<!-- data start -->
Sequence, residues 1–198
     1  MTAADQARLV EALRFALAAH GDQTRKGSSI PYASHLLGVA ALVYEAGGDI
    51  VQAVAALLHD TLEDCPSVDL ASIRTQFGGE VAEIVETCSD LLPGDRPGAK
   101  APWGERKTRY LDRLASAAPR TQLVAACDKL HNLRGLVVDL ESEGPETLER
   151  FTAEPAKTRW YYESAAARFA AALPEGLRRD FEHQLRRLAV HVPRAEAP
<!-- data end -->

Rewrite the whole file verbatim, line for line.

Sequence, residues 1–198
     1  MTAADQARLV EALRFALAAH GDQTRKGSSI PYASHLLGVA ALVYEAGGDI
    51  VQAVAALLHD TLEDCPSVDL ASIRTQFGGE VAEIVETCSD LLPGDRPGAK
   101  APWGERKTRY LDRLASAAPR TQLVAACDKL HNLRGLVVDL ESEGPETLER
   151  FTAEPAKTRW YYESAAARFA AALPEGLRRD FEHQLRRLAV HVPRAEAP